As the month of July drags on—the third month of the longest summer I have endured since I entered school—I begin to take the necessary steps to prepare for the upcoming year: scheduling doctor appointments, filling out paperwork, and purchasing my first pair of sneakers that promise to outlast a month.
In a little corner of my room sits a pile of things I plan to stuff into my suitcase come mid-August and tote away with me. With every day that passes, I toss new things into this pile: certain books and random sweaters, all of which are accompanied by the occasional indispensible item (I think at some point I threw in a toothbrush).
Now don’t get me wrong, each item that makes its way into this pile only arrives after some sort of jumbled rationalization of when and where it may be necessary while abroad. What if my shirt buttons come loose and I need to sew them back into place? What if I lose all 50 of the first hair bands I plan to pack? The list of potential situations and possible what-ifs is endless, because beneath this pile lies what is really driving my obsessive packing: uncharted expectations.
Within the next two months I will find myself, along with the rest of the Global Citizen Year cohort, thrown into an environment that doesn’t allow for expectations or predictions, which is as one of the most exciting factors of the next year. Having no pre-formed expectations, I will land in Senegal malleable in my mindset, and able to mold myself into each moment and challenge I may face.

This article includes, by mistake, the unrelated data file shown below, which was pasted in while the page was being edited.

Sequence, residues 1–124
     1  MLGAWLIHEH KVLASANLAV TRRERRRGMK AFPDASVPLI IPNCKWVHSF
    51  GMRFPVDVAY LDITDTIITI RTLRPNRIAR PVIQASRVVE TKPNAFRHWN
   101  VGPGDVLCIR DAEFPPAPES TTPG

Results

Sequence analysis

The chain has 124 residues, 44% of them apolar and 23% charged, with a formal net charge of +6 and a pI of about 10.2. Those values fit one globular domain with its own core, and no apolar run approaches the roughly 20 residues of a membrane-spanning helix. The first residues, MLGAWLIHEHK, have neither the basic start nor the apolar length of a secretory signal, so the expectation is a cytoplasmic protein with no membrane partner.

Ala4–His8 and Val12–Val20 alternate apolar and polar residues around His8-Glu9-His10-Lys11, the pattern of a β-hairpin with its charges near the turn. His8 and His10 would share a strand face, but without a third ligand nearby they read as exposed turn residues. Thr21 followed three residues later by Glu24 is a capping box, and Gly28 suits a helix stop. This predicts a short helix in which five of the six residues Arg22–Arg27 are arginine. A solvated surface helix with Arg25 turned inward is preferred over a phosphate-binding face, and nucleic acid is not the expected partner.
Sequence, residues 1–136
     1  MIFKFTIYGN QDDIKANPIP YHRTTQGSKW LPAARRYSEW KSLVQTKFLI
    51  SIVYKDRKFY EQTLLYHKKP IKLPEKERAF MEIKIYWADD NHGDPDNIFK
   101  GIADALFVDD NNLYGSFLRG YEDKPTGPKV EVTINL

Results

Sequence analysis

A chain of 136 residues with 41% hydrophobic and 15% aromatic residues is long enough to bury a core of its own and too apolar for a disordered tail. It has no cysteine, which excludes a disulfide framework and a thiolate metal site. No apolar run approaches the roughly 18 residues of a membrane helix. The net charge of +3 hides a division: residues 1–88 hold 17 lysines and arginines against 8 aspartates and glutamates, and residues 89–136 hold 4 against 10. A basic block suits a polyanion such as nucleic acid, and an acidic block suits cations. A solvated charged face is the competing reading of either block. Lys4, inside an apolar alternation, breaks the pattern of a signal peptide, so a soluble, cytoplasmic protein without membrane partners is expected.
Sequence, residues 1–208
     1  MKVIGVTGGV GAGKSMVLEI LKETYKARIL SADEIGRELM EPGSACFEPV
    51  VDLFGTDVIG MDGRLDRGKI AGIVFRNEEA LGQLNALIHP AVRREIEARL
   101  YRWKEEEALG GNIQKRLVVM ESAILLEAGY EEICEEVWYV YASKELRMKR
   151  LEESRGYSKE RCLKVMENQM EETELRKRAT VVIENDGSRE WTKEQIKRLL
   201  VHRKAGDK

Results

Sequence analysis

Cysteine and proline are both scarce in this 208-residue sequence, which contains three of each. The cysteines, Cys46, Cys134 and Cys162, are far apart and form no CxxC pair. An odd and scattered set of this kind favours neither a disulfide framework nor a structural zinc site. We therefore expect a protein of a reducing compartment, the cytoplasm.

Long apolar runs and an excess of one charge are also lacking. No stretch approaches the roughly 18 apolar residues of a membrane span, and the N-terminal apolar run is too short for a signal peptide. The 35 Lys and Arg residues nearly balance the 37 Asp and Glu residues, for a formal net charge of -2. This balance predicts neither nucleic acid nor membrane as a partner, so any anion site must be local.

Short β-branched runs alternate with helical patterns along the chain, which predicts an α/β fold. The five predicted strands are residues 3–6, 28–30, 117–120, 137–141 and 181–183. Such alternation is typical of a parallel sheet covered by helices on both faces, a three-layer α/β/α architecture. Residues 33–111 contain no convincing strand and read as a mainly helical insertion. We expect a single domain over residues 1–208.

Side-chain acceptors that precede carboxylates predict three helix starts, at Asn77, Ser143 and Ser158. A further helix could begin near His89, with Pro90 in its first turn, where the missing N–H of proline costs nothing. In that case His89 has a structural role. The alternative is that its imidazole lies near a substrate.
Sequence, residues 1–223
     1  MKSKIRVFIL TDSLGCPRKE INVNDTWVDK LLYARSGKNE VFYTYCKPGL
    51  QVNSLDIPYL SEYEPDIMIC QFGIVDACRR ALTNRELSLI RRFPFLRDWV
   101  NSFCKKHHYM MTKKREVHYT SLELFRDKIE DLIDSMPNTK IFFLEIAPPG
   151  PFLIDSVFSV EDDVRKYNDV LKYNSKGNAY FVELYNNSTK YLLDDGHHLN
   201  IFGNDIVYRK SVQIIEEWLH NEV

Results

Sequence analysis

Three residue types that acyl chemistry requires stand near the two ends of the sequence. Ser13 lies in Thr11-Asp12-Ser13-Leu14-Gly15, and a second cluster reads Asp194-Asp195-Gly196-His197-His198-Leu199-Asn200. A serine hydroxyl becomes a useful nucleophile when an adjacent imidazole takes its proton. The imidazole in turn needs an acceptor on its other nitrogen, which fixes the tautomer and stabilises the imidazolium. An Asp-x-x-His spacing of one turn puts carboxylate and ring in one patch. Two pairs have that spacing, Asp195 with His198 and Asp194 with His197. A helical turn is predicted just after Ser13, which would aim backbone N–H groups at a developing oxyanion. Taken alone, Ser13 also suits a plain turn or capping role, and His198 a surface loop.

Some things I have thrown into this pile are old, comfortable items that remind me of home, mainly because as these summer months wind down, I find myself holding onto everything I have grown to love during my 18 years of life, and attempting to pack them away into my 50 lb capacity suitcase. While I know I am only leaving for 8 months, I have no idea of who will come home, and fear returning unfamiliar to the things I love.
While this thought may scare me, I have come to understand the normality and inevitability of it all, the time-honored tradition of change and growth that each teenager faces. I know that while away I can only develop a stronger sense of self, and return ready to face whatever may come next.